The World Cup co-hosts Australia are looking to make a big impact on the competition this year.
The Matildas are hitting peak form coming into the tournament, having won six of their last seven matches, a run which includes wins over England, Sweden, and Spain. With players such as Ellie Carpenter, Caitlin Foord, and Steph Catley returning from injury at the right time, plus a number of new young guns, hopes are high Down Under.
Whilst WSL fans are familiar with a large number of Matildas playing their club football here or in France, Tony Gustavsson’s side boast a number of other players that are more than capable of posing a threat.
Head coach: Tony Gustavsson
Under previous Matildas head coaches, injuries to established players meant a succession of squad members being forced into makeshift roles in unfamiliar parts of the pitch, Tony Gustavsson spent the first two years of his three year tenure blooding a succession of the country’s young talent. Young talent that have shown they are capable of producing excellent performances on the international stage across all areas of the pitch.
Gustavsson went for experimentation in a bid to widen the possible net for selection. This meant that, the Tokyo Olympics apart (where Australia beat Team GB en route to a best-ever fourth-place finish), results took a back seat over that period – a period that included a hugely frustrating exit at the AFC Asian Women’s Cup to South Korea at the Quarter-Final stage.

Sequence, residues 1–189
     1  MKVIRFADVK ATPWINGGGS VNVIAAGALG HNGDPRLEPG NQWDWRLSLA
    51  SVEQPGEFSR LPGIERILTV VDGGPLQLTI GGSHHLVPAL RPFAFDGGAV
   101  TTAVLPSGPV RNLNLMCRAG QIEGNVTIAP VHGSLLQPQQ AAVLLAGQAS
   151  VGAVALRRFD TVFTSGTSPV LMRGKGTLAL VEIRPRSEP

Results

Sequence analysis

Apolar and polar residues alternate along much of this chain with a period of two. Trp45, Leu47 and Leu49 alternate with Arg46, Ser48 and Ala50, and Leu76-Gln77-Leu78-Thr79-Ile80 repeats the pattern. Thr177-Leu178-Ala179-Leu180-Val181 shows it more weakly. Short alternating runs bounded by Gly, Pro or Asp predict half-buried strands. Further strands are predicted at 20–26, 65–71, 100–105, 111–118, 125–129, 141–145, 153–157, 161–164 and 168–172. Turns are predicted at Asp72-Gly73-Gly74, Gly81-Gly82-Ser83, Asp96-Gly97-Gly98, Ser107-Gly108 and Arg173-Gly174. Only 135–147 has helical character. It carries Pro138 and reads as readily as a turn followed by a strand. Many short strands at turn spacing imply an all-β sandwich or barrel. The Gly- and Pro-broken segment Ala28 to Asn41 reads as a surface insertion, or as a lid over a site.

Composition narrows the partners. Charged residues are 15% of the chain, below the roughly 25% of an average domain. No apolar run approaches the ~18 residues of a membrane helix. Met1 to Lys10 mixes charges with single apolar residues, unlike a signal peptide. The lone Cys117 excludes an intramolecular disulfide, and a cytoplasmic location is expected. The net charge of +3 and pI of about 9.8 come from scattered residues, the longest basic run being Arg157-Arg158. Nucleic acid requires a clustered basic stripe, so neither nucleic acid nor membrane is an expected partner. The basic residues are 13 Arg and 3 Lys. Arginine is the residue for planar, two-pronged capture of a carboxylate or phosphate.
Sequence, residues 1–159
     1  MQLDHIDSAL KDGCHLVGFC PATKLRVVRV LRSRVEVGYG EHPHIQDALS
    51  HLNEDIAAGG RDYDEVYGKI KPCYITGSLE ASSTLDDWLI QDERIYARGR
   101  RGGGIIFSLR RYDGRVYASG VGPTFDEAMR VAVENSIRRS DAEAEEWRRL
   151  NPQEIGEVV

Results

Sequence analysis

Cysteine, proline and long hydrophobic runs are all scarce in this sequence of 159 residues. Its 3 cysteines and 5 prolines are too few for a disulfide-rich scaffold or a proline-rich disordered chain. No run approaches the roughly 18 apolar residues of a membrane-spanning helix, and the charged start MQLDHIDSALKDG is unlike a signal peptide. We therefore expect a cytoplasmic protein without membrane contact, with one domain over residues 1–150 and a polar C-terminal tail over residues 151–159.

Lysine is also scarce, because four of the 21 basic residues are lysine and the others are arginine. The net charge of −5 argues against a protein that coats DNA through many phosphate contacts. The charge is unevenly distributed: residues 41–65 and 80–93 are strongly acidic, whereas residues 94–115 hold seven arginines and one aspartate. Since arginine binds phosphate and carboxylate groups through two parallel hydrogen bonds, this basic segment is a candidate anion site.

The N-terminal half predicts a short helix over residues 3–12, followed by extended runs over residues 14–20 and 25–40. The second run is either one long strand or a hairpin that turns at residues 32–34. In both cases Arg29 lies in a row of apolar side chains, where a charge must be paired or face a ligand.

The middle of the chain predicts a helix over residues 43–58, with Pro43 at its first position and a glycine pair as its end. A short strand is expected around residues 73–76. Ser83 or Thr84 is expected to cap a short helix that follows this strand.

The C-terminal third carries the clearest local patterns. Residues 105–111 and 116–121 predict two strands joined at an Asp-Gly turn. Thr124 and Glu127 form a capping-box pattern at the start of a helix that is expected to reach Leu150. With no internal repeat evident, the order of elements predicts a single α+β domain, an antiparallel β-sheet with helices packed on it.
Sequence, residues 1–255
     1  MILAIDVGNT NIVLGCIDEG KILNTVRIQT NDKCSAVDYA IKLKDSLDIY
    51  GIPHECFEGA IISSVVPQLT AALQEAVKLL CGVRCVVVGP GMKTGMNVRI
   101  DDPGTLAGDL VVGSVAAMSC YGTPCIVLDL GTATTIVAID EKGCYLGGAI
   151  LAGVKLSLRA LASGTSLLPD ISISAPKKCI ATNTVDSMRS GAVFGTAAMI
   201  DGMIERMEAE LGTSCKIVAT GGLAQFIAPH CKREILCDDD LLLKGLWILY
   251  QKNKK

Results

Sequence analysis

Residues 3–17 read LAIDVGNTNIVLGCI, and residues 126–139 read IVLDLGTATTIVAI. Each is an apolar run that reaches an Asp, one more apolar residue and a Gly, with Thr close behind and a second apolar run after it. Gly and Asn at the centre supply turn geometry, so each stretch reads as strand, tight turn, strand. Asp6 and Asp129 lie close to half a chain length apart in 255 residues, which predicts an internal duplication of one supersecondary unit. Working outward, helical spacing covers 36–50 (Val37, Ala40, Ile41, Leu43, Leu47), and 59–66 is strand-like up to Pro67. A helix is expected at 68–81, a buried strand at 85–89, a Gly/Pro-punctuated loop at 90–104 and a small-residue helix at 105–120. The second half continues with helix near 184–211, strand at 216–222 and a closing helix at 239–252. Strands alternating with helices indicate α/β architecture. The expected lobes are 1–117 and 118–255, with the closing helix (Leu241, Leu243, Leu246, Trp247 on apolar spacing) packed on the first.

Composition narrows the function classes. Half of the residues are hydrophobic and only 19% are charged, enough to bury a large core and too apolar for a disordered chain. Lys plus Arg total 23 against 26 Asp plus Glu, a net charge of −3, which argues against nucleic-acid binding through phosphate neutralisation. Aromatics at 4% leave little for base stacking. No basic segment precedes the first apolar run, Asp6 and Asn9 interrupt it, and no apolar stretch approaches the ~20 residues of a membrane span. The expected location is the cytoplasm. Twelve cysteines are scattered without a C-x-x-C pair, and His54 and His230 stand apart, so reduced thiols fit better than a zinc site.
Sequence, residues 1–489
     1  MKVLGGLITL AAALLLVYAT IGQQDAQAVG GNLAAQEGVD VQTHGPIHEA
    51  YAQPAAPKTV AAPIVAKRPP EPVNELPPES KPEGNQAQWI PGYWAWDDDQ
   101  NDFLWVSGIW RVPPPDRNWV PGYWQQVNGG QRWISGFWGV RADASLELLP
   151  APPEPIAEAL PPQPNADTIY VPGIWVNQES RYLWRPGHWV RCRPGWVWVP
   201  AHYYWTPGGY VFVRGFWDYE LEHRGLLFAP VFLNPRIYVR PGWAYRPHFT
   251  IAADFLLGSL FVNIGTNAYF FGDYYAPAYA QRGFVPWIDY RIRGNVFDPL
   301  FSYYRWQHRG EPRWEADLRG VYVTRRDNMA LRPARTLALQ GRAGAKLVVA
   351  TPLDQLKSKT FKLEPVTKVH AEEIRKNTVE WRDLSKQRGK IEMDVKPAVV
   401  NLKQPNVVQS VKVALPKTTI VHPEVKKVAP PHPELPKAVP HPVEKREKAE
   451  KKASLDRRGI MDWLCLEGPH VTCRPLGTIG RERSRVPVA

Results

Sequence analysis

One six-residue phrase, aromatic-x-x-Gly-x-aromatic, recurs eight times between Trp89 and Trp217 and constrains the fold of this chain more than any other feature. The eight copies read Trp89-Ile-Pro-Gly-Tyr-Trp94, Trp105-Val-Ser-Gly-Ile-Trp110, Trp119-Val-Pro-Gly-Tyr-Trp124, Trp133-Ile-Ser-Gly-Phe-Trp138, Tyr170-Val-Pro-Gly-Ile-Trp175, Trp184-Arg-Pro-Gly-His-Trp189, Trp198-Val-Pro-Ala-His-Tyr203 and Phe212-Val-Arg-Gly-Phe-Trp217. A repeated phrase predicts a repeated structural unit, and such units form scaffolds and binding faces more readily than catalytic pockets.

However, the Australian coaching staff have now settled on who is worth sticking with, and the outcome has been thrilling.
Gustavsson has experience at the highest possible level – being the assistant head coach for the USWNT when they won the gold medal at the London 2012 Olympics and World Cup in 2015 and 2019 World Cups.
The Swede is a hugely engaging character. His media conferences, of which I’ve attended most since his appointment to the post in 2020, are enjoyable and open. Not for him the bland statements of “we’re excited” – instead he’ll sit there and provide you with long, detailed and insightful thoughts.
Back in October ahead of the Matildas’ friendly with South Africa at Kingsmeadow, I was granted a 10 minute one-to-one with him, and it was like entering into the mind of an absolute tactical master, one who speaks in simple terms, and with huge passion, and more often than not with a huge smile on his face.